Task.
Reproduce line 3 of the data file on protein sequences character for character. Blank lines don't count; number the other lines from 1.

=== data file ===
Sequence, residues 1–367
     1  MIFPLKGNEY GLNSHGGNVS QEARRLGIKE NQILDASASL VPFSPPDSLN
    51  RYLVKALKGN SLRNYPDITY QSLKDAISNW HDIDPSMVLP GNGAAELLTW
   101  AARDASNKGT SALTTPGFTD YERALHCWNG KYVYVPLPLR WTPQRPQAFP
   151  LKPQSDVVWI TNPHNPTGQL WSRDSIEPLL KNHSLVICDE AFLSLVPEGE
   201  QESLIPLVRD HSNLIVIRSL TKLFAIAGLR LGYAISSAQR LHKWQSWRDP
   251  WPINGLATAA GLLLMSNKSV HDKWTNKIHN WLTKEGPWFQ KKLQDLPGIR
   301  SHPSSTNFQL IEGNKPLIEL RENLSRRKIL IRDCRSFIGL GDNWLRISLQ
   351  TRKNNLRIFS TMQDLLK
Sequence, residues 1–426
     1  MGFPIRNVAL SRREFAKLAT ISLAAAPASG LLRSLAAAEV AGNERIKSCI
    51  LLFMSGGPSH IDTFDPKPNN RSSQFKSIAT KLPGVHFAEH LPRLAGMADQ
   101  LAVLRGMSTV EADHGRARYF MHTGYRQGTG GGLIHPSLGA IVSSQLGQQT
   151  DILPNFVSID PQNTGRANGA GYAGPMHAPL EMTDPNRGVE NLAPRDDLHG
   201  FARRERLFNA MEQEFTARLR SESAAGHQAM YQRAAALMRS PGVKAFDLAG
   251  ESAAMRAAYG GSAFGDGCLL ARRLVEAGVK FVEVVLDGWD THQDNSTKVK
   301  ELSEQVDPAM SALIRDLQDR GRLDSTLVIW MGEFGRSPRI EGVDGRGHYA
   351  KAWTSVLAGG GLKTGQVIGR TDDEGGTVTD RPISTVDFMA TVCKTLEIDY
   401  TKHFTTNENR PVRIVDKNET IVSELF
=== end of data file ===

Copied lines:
    51  RYLVKALKGN SLRNYPDITY QSLKDAISNW HDIDPSMVLP GNGAAELLTW